It’s well-known that we can miss apparently obvious objects in our visual field if other events are hogging our limited attention. The same has been shown for sounds: in a nod to Daniel Simons’ and Christopher Chabris’ famous gorilla/basketball study that demonstrated “inattentional blindness”, distracted participants in the first “inattentional deafness” study failed to hear a man walking through an auditory scene for 19 seconds saying repeatedly “I am a gorilla”. Now, two new studies separately show that a very similar effect occurs in relation to touch (inattentional numbness) and to smell  (inattentional anosmia). 

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New findings explain why, if you’re sensitive to alcohol, you’re probably sensitive to sleep deprivation too

GettyImages-830297466.jpgBy guest blogger Julia Gottwald

The last time you and your class-mates or co-workers pulled an all-nighter before a deadline, you may have noticed: there are always those lucky individuals who seem to do just fine after a lack of sleep, while others feel drowsy and confused – almost like they had too much to drink.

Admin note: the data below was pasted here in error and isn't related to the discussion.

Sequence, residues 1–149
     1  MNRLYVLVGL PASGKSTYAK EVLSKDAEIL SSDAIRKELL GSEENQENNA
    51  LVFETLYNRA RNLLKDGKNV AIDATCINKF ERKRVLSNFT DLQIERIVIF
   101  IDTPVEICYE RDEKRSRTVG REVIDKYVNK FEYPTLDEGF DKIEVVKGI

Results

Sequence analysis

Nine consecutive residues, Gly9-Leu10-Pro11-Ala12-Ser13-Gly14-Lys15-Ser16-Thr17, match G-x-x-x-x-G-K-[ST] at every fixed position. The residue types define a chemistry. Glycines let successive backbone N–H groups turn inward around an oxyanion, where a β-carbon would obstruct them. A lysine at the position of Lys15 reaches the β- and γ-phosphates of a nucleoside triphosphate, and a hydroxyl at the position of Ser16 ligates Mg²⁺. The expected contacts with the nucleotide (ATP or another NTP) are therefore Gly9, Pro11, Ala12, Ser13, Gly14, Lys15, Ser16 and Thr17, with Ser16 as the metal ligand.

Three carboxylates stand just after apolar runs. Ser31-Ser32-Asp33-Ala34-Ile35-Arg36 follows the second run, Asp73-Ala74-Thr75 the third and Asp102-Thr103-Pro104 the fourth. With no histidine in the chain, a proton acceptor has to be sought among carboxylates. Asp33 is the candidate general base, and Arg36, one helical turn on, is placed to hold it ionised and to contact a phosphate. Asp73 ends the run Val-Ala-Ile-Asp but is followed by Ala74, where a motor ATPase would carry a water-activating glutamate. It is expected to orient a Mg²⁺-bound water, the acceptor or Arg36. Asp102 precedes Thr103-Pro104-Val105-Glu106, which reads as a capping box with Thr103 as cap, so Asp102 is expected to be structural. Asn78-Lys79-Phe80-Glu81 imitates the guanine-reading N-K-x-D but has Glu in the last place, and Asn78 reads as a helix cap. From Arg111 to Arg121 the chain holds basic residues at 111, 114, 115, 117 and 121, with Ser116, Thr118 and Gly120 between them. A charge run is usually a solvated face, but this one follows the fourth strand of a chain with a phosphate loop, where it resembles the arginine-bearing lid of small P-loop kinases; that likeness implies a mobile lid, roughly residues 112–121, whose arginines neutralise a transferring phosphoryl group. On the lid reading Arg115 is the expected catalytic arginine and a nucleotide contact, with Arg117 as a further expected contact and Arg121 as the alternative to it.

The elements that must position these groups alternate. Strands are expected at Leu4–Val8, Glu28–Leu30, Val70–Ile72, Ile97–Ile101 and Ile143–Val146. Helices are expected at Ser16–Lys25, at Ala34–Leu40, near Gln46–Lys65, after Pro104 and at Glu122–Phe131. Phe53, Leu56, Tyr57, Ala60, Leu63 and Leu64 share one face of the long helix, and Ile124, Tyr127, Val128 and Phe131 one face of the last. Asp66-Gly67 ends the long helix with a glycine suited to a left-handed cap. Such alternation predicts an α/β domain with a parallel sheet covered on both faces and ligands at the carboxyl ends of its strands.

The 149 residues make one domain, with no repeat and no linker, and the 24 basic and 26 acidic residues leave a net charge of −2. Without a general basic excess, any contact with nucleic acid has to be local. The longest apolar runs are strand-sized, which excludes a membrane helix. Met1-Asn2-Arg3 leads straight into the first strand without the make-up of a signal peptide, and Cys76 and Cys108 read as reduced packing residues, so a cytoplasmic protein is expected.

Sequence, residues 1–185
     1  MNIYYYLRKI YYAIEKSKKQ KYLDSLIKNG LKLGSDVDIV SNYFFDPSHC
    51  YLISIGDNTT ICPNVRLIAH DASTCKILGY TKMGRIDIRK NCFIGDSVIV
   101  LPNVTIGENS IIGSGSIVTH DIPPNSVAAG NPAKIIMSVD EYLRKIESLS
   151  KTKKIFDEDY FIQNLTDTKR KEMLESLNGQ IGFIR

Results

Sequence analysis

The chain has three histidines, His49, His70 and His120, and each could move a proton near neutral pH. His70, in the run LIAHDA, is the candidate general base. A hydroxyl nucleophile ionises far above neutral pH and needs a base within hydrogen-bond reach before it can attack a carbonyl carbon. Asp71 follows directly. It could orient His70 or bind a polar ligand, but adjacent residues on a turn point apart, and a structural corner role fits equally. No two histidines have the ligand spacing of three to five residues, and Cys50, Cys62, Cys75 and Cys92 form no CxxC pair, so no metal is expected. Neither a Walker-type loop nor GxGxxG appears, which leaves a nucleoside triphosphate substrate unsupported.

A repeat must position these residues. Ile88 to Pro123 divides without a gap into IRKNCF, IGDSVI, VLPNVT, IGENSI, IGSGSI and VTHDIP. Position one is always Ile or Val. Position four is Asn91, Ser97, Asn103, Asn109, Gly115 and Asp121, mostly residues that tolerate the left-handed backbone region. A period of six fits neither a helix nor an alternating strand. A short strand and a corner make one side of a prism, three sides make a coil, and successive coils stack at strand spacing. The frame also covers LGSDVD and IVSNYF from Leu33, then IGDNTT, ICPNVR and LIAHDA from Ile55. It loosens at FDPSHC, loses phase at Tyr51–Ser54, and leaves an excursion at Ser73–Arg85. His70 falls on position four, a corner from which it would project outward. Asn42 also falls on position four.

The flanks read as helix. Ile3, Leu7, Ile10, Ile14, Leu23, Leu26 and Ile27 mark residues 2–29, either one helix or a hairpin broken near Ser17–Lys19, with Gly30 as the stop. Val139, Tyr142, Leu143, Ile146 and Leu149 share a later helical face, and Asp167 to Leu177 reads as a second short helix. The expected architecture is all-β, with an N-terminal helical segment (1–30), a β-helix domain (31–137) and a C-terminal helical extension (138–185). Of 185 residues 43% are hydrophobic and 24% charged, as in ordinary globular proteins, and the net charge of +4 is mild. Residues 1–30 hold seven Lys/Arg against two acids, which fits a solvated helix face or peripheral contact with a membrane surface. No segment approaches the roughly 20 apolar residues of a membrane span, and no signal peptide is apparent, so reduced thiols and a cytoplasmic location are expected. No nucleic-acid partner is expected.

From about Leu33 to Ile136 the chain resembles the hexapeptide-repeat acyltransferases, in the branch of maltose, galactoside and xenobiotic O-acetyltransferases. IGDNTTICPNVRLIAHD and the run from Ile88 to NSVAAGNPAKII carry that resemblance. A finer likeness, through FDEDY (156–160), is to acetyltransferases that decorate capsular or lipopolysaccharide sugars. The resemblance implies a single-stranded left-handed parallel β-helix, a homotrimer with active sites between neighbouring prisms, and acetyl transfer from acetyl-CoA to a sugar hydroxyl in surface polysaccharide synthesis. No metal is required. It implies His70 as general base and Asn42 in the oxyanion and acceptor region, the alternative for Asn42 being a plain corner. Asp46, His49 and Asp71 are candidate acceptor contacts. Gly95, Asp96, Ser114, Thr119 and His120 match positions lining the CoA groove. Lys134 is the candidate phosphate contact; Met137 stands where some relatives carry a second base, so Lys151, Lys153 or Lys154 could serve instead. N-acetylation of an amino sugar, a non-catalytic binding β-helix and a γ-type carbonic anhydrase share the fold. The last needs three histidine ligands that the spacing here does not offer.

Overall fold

New research conducted at the German Aerospace Center suggests this could be because alcohol intoxication and sleep deprivation are more similar than we once thought.

In their study published recently in PNAS, Eva-Maria Elmenhorst and David Elmenhorst and their colleagues show how both affect us via a shared mechanism. And what’s more, if you’re sensitive to one, you’re likely to cope poorly with the other as well.

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Pilot study finds “smart drug” Aderall has limited benefits for healthy students, and may harm working memory

GettyImages-1009056818.jpgBy Emma Young

Stimulants available on prescription such as Adderall improve cognitive functioning as well as attention in people with ADHD, but many students without this condition also take them, believing that they will act as “smart drugs” and boost their cognition, and so their academic performance. The limited research to date into whether this is actually the case has produced mixed results. A new double-blind pilot study of healthy US college students, published in Pharmacy, found that though Adderall led to minor improvements in attention, it actually impaired working memory.